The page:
Regardless of what anyone says, economics is an art, not a science.
Like the rest of the world, I'm trying to figure out what next year holds for us. It's amazing that everyone seems to have a different opinion.
I am convinced that too many opinions are so deeply rooted in politics that it's almost impossible to get a straight answer. You can't tell whether an answer is accurate or tainted by some political spin.
The automobile companies, which have economic departments to do their forecasts, seem to have different outlooks for business next year.
Many large suppliers -- along with manufacturers around the globe -- have substantially different ideas about what the sales number in the United States will be next year. Their opinions differ by as much as a million units, and no one is quite sure what the mix of cars and light trucks will be.
How would you like to have to figure out right now the production schedule for the Chevrolet Volt or the Nissan Leaf? Sort of like pin the tail on the donkey. We know they'll sell all they make, but it won't add to stability in the marketplace. Throw in the new small Fiat, and I sure wouldn't want to be the prognosticator for any of the automobile companies.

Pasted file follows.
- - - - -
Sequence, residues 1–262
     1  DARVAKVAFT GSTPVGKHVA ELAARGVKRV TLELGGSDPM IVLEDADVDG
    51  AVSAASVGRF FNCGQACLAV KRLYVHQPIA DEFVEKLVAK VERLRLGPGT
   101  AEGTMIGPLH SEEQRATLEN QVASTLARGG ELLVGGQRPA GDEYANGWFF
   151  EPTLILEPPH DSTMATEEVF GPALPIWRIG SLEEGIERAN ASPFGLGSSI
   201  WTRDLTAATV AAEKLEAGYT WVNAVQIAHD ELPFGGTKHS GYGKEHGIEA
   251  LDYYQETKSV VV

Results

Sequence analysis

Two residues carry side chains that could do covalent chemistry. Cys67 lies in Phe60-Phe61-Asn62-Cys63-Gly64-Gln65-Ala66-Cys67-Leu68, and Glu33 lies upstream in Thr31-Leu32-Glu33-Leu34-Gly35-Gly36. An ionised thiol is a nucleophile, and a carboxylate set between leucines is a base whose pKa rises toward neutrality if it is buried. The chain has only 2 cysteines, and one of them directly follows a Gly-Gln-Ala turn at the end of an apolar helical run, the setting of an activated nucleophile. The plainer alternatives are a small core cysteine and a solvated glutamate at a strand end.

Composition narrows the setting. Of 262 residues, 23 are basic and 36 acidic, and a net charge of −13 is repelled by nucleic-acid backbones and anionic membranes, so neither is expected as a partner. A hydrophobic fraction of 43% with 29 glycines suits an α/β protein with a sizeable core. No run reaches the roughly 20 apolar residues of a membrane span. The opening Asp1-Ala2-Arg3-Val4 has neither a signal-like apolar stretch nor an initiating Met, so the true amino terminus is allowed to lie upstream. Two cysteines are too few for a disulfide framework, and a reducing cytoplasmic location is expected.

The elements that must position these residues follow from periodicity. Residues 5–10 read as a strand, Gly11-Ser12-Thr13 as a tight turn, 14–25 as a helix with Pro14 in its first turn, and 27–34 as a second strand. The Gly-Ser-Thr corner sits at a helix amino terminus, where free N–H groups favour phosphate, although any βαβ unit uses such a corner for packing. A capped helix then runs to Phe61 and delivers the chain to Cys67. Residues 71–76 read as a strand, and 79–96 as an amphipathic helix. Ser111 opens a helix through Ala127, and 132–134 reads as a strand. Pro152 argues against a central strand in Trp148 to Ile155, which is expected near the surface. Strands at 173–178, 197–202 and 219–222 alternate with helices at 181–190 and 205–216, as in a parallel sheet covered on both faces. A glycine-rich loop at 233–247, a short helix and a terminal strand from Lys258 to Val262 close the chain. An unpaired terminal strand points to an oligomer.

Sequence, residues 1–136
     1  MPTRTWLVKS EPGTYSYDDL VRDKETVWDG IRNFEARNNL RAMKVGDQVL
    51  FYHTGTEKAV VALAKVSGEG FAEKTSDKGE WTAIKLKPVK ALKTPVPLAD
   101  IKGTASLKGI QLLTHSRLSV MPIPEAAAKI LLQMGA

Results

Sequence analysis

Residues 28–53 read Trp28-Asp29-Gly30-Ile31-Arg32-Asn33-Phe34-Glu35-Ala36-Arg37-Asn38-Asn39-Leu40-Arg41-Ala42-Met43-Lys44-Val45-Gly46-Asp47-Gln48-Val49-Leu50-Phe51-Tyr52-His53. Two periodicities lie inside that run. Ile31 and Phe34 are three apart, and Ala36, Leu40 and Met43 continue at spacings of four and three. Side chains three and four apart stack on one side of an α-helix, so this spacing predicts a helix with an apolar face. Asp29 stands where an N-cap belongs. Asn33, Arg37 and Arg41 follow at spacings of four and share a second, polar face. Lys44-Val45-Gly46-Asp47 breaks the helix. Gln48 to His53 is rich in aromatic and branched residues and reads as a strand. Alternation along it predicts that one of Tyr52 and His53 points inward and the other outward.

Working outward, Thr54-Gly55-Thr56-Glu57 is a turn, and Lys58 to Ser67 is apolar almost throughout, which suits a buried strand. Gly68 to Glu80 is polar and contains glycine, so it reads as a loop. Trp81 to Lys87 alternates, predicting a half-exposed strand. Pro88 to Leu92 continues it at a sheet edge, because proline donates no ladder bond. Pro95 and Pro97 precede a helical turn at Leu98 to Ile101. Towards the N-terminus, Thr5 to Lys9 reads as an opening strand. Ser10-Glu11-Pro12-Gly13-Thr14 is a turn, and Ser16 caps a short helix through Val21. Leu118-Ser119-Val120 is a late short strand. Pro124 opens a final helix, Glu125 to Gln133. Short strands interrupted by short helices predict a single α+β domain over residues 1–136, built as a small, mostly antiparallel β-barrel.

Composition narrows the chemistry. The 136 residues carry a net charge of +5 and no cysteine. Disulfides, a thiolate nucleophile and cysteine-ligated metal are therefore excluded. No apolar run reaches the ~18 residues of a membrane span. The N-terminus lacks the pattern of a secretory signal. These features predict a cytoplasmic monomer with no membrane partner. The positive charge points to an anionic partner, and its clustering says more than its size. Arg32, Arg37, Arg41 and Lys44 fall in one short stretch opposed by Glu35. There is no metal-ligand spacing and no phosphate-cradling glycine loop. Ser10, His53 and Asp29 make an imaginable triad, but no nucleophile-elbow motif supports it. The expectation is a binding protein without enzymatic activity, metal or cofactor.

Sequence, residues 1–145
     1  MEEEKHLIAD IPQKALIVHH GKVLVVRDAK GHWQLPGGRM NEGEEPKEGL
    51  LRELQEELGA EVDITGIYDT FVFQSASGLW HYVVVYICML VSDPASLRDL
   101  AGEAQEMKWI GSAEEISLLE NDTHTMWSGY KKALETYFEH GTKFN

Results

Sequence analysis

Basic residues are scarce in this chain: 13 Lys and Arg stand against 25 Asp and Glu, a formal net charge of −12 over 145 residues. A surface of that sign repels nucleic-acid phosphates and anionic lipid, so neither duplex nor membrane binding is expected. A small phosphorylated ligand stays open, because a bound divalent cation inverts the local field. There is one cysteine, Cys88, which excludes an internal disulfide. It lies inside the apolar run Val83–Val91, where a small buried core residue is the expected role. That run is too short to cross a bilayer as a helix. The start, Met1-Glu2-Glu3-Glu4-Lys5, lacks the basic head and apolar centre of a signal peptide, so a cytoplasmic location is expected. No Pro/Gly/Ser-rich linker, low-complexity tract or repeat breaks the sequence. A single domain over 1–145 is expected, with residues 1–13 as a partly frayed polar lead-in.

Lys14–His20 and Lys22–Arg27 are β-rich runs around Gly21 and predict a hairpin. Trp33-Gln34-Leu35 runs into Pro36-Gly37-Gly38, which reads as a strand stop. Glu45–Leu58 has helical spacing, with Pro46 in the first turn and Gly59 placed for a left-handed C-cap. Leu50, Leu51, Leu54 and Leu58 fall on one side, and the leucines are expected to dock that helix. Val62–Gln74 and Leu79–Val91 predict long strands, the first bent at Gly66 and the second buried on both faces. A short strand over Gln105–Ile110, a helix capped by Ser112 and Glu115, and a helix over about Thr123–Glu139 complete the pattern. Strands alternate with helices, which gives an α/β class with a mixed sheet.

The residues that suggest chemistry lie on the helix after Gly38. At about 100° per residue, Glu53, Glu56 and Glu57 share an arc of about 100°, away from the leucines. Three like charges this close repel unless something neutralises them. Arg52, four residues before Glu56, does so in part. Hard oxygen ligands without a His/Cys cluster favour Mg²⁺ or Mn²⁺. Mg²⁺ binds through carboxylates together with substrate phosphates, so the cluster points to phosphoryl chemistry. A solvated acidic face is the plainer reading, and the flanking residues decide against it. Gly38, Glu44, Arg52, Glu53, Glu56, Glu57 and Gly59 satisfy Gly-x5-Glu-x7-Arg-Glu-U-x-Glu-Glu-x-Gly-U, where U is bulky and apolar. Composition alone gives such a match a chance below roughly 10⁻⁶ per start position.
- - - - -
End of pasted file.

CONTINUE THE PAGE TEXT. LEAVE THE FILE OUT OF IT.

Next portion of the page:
There is no doubt that economics is a real art. After the last couple of years, it has become more of an art than at any other time in recollection.
The smart and prudent business plan these days is to keep inventories as low as possible and be willing to lose a couple of sales rather than revert to the old normal for the industry, which was building inventories and working for the bank.
Let's hope that within the next few months we'll see some order in our economy. It won't happen until after the election, and then it could be even more chaotic for a while as the government sorts things out.
Meanwhile, millions of people will want to buy a car or truck. For the most part, they will need financing and will be interested in the newest vehicles with all the innovations.
It's still business as usual, except it's not. Now that's the kind of economic forecast we can all live with.